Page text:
Whenever I think of Andrea Mantegna, the colour mustard always comes to mind.
The image I am referring to is the one used in the catalogue to represent the Senape, or Mustard finish. This image portrays the Camera degli Sposi (“bridal chamber” also called “Camera Picta”) within the Castle of San Giorgio in Mantua and was painted by Mantegna himself yet this is not the photograph of the Camera degli Sposi usually found in all the essays and articles, which is the famous Court scene.
Our image is on the opposite side of the room where the entrance door is and it is a lesser-known detail, but closer to the idea of discovery that we wanted to convey, along with the belief that raw earth can imbue spaces with its own aesthetic character without demanding the use of easily applied effects.
This approach is opposite to that of finishes of style, such as Mediaeval or Renaissance to name but two, which aim to achieve an imitative effect. I believe indeed that we must allow every designer to create something that does not yet exist and that it is not the aping of an irreproducible past.
What distinguishes non-imitative finishes from those that are, can basically be summed up in two elements. First, there is the knowledge of the skilled craftsman used during the application process. This factor is frequently found from the Renaissance onwards and up to and including the whole of the nineteenth century, and one which offers satisfaction in the pure creative gesture and the pleasure of being created through the gesture itself. The fact that this is done as a form of labour, hard everyday work, makes the craftsman more like a designer than an artist.
Another element that distances this finish from imitative ones is the use of raw materials not too dissimilar from those used since antiquity.
The clay used for Senape comes from the Lozzolo area near Vercelli in upper Piedmont, a geographically hilly area without the typical waterlogged quarries of the Po Valley, and therefore particularly rich in extraction sites which provide earth with numerous slightly different colours.
Three other clays from our collection also come from the same area, including Cammeo (cameo color), originally from the same quarry. Being able to find three or four completely different colours in the same mining area makes it much easier to manage the entire procurement and sorting process, and so far, a similar situation has occurred only in Sardinia.
It should not be assumed however that the earth used to fresco the Camera Picta came from the Vercelli area, like that used for Senape: more probably it came from Siena or neighbouring areas. However, I like to imagine that Mantegna mixed an ochre clay similar to the one we use today with lime putty, rabbit glue and egg white, finely grinding it to obtain the pigment and then mixing it up to transform it into colour and mixture. This is precisely one of the things that fascinates me the most: although centuries have passed, and while also applying today's solutions and technologies, we are not reproducing colours through an industrial production process.
Admittedly, our process is different from the original one, but we respect its essential nature, to the point of transforming it into a genuine colour archetype.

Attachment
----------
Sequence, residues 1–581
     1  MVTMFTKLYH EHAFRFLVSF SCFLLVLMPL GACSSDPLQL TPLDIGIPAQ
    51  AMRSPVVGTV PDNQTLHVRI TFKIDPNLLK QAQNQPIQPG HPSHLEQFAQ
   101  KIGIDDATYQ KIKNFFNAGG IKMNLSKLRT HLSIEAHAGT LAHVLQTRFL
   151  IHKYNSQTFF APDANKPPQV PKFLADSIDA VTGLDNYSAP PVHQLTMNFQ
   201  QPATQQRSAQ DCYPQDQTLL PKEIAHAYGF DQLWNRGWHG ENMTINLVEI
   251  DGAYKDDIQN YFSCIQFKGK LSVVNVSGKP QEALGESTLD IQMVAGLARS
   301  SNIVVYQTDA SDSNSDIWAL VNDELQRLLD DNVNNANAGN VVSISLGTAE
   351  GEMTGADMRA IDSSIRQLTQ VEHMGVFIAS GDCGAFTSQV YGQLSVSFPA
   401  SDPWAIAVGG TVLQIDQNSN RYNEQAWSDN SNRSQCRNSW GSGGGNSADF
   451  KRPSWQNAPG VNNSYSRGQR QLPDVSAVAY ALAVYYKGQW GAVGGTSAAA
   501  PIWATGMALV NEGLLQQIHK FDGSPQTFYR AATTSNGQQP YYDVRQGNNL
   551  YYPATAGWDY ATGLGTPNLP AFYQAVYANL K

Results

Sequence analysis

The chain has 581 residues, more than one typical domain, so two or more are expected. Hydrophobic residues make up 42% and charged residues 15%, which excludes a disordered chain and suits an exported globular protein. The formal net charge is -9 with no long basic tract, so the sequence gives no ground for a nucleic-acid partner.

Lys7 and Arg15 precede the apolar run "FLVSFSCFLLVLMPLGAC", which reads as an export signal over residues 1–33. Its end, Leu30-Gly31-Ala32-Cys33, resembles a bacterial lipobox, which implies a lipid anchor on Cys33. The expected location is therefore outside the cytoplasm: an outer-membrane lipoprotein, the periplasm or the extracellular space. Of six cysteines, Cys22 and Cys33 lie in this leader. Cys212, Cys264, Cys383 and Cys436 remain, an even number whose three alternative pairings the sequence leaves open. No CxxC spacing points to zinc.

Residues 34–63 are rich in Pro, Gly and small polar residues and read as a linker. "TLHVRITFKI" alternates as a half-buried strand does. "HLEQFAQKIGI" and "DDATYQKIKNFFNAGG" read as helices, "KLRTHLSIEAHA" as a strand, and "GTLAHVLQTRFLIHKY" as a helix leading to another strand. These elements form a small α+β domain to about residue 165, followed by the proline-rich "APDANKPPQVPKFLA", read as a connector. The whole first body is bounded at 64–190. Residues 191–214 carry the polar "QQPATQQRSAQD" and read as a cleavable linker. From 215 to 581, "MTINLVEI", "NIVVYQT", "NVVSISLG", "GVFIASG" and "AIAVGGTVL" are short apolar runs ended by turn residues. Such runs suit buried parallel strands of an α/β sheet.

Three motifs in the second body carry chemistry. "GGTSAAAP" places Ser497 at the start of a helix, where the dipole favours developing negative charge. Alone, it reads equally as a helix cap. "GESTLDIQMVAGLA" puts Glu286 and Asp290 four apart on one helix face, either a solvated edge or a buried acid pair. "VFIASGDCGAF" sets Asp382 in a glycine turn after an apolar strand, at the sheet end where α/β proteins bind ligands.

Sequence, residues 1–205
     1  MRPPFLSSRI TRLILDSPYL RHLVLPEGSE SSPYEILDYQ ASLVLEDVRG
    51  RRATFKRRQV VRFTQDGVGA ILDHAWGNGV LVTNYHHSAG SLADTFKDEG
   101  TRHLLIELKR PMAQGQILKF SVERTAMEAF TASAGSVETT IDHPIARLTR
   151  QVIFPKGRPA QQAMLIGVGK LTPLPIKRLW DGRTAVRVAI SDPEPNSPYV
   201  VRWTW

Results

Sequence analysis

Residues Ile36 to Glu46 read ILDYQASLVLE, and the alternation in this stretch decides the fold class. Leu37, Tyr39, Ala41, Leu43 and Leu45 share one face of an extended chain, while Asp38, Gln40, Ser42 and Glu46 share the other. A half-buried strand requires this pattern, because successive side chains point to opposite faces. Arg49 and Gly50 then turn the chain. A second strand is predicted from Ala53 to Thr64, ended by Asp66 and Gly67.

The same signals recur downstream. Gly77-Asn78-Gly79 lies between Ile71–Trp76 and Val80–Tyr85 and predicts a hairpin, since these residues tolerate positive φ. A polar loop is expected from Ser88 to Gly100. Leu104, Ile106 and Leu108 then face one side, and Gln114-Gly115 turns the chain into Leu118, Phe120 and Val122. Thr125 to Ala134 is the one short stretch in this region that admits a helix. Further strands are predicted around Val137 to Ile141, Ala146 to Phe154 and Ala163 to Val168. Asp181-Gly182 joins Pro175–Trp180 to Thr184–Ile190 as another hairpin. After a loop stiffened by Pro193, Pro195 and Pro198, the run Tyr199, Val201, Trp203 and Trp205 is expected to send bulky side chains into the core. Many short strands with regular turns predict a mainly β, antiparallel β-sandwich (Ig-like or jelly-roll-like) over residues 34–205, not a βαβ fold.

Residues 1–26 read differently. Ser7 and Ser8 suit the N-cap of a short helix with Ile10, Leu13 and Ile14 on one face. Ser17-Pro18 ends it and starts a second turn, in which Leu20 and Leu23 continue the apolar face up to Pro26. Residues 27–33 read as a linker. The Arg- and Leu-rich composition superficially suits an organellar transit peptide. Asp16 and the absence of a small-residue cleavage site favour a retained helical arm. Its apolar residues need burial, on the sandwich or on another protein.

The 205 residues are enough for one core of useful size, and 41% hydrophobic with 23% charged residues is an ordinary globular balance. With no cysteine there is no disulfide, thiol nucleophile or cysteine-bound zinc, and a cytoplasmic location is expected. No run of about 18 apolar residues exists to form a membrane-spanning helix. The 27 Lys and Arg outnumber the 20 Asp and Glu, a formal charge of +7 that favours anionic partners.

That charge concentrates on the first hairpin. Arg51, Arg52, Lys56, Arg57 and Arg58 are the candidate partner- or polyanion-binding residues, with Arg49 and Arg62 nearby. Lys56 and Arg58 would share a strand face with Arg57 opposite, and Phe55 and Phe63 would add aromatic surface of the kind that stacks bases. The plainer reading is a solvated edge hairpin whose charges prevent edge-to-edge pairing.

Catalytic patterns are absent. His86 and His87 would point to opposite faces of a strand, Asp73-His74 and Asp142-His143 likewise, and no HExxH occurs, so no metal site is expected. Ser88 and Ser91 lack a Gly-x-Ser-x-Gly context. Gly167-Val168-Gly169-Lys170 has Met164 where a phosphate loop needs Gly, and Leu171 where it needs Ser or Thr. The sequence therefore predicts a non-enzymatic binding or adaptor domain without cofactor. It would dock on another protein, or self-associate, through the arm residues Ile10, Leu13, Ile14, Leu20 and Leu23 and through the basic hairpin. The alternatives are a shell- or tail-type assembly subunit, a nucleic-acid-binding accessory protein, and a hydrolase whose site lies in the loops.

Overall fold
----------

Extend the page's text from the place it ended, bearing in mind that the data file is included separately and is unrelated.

Obviously we don’t use all the same substances: rabbit glue, for example, is not used today, because the industry has developed a cellulose with vegetable origins (colloids with a similar function, but more stable); however, the essence is the same. Like all the interior finishes we produce, Senape clay is practically the same as that used five hundred years ago to paint frescoes, a thousand years ago to make plaster and three thousand years ago to colour people’s faces on ritual occasions.
Earth, together with wood, is the matrix of design and a material at the core of many things and infinite types of human activities. I find this idea fascinating, and it enchants me every time I think about it.
In applying raw earth to inhabited environments, we are transferring a cosmetic action to architecture: this thousand-year-old practice which, as is explicit in the linguistic root of the term, does not only concern superficial embellishment, but has to do with the dialogue between the body and the order of the cosmos.
Senape was the dominant feature of one of the first projects in which we applied the product in a more eco-friendly artistic style and abandoning a more technological approach. It was the Lavazza stand at the Lingotto in Turin: one of the first times we applied this particular colour variant.
The setting was designed to present the ¡Tierra! Café, and the communicative design project was based on large photographic prints of shots by Steve McCurry, which captured the incredible details of cracked and bone-dry earth in Africa.
For the first time we created artistic applications on the wall: the expressive effect relied on the yellow and ochre of Senape (a mixture enriched with coffee beans for the occasion) which recalled the tones of desert earth and, when combined with the brown shades of the Cacao finish, of coffee foam at the same time.
The contrast between the temporary architecture and the use of “stable” and “eternal” materials and colours was really striking and the Milan agency in charge of the project got the order thanks in part to the choice of that finish. The harmony and the overall chromatic order were truly surprising, especially if you think that the clays that had been used to represent Africa and its coffee came from Piedmont and Calabria.
But, as Mantegna and his Sposi knew very well, cosmetic magic lies in tracing the essence of things in whatever field you are in, without limiting yourself just to chasing their shadows.